• Don’t carry your passport off the ship. Use the in-cabin safe to store your passport and other valuables and carry the copy of your passport with you. It, along with a drivers’ license, will be sufficient for use as citizen identification if there is a problem. Not carrying your original prevents it from being stolen if you are mugged or pick-pocketed.
  • Just as on board the ship, control your alcohol intake. Make good decisions and do not take ride offers from strangers, go to a different location with a stranger, or flash around a lot of cash.
  • You will be provided information on how to contact the ship from shore in case of emergency. Be sure to carry it with you.
  • Take a photo of your family and friends as you get off the ship. If anyone gets lost, you will have a current photo and description of the clothes they are wearing.
  • Each person in your group should have a sheet of paper in their wallet with their personal information on it. Include name, address, emergency contact at home, the names of those traveling with you, ship name, and important medical information. If you are injured, a quick look through your wallet will provide plenty of information for emergency responders.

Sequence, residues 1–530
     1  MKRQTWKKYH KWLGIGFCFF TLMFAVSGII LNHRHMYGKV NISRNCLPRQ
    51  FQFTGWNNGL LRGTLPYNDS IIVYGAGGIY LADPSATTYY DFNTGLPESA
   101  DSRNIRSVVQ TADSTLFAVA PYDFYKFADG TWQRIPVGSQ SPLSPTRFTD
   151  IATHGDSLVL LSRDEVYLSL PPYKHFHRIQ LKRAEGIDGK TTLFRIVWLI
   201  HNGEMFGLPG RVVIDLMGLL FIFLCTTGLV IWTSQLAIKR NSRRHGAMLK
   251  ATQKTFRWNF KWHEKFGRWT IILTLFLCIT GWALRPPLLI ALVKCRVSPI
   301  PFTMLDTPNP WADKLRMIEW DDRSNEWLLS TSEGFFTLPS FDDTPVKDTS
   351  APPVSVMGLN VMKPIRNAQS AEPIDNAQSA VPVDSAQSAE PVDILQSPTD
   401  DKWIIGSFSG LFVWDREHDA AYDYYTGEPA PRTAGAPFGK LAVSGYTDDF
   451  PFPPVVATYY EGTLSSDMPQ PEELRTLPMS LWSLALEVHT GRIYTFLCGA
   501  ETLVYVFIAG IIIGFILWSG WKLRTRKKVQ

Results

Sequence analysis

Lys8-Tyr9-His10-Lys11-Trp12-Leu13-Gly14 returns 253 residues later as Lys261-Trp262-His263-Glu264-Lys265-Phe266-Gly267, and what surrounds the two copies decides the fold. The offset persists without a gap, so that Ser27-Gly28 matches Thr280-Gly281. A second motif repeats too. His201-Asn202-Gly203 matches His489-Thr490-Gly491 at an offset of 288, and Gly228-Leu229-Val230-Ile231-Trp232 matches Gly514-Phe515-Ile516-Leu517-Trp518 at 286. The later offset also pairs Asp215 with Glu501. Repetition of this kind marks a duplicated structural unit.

Cruising is a wonderful vacation option, and I fully intend to travel by ship many more times in my future. But like any other activity, you need to be smart, be prepared, and make good choices. Bon voyage!

*BOB = Bug Out Bag; EDC = Every Day Carry

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Amy VR

Amy is an Air Force Brat and an Army Wife. She learned early on that being prepared was essential since natural disasters follow her.

7 thoughts on “Preparedness on the High Seas”

  1. Maybe it’s age. Or living in the county with people on half acre lots. A cruise trip doesn’t appeal to me much anymore. I DO love the ocean and would try to find the most out of the way, simple lifestyle resort on the ocean.